How to get a feature article published

Follow these basic steps to success with feature article writing.

What is your feature article about

First, determine the subject you intend to write about. It must be of interest to the people you are trying to reach. What problem can your article help them solve? What idea can excite them to want to find out more?

Determine what magazine you want to target for your article. If you are not sure, there are a number of directories on the web that list magazines. You can easily search by topic.

Research the magazine

If you are familiar with the magazine, you have a good idea of what kind of articles they publish. If you aren’t familiar, locate several issues and carefully examine their content to see:

  • What are the topics that are typically covered?
  • What types of questions do the articles answer?
  • What is the typical article length?
  • What is the writing style?
  • Are there many pictures?
  • Who are the authorities that the author quotes to answer the questions that the article raises?
  • Who are the authors, business people, or freelance writers?
  • Who advertises?

A thorough examination will tell you if the magazine is a good fit for what you are considering.

When you find a magazine that looks promising, look at their web site for writer’s guidelines. Writer’s guidelines will often provide specific do’s and don’ts about writing for the magazine. If you cannot easily find the guidelines, email the managing editor and ask for them.

The Query Letter

The next step is to write the query letter where you propose your story idea. This is typically somewhat formal and no more than one page in length. This is where you show that your idea offers value to the magazine’s readers. You will do this with a lead paragraph in your query that could be the lead for your article.

Then you will describe what topics you will cover, suggest a possible title, and talk about who you will be interviewing for source material and for quotes in the article. You will also mention your plans for pictures or illustrations. In addition, you will introduce yourself and say why you are qualified to write this article.

Nowadays, it is possible to query by email. I prefer that way because it is cheaper and faster. Most magazines will let you know if they accept email queries. If they do, remember to maintain the same professional writing approach you would take if you actually sent a letter through the mail.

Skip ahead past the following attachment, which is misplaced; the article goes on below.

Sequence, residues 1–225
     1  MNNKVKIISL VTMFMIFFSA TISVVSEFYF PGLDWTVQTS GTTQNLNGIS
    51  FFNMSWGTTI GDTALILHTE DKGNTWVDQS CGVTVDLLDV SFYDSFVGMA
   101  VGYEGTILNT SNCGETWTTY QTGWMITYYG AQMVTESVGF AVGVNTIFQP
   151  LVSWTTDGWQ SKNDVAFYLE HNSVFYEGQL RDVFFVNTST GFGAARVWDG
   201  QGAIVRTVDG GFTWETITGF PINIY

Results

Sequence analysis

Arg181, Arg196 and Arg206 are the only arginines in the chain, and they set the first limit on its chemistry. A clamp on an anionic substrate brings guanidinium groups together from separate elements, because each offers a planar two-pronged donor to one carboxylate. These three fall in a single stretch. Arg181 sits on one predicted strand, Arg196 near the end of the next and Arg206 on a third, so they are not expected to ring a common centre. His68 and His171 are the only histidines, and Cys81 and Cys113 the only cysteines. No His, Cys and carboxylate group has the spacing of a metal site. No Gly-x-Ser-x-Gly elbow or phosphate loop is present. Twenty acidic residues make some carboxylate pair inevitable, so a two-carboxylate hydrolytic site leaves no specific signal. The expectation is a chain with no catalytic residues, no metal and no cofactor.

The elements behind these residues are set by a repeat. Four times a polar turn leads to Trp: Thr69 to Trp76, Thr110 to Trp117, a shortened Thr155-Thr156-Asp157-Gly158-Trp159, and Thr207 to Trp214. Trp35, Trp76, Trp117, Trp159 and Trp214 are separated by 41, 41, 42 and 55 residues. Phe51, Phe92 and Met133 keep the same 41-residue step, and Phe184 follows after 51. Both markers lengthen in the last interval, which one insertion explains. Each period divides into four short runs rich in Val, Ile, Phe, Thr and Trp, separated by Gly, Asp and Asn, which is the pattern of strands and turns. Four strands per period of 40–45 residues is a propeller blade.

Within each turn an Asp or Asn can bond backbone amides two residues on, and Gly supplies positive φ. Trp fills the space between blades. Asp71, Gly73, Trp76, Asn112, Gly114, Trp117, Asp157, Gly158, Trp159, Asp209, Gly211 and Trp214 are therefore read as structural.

Query Letter Example

Here is a query I wrote  for a feature article on the best way for physicians to present bad news to their patients. You can see that it follows the advice above.

Sue G

Managing Editor

Physician’s Management

Dear Sue

Giving patients bad news is never easy. Whether it’s telling a new patient that she has cancer, a regular patient that he has a chronic disease, or the parents of a newborn that their child has a heart defect, giving bad news is always difficult to do and even more difficult to do well.

In some cases, the patient may not want to know. In others, the patient must know. How do your readers determine when it’s appropriate to give bad news to a patient? What are their responsibilities? What are their patients’ responsibilities?  What are the best ways to break bad news?

I’d like to propose an article of approximately 1800 words, tentatively titled, How to Give Bad News: Making It Easier on Yourself and Your Patient.  It will offer your readers some practical insights on dealing with this difficult process.

In the article, I will provide information on the following:

  • dealing with patients’ right to know or not to know
  • determining how much to tell a patient with a poor prognosis
  • strategies for delivering bad news

I’ll provide insights from physicians who routinely deal with giving bad news, recommendations from specialists who study the subject, and opinions from medical ethicists. Because it’s often difficult to think of everything in these stressful situations, I’ll provide a short checklist of important points to keep in mind. I’ll also provide side bar material that will help your readers find additional resources. The article will take approximately one month to complete.

I’m co-author of The Homeowners Property Tax Relief Kit (McGraw‑Hill, 1992). Credits include The McGraw‑Hill Real Estate Handbook, 2nd EditionFlorida Hotel and Motel JournalBusiness Today. I also have over fourteen years experience writing technical and marketing documents.

I look forward to hearing from you.

Cordially,

Larry Czaplyski

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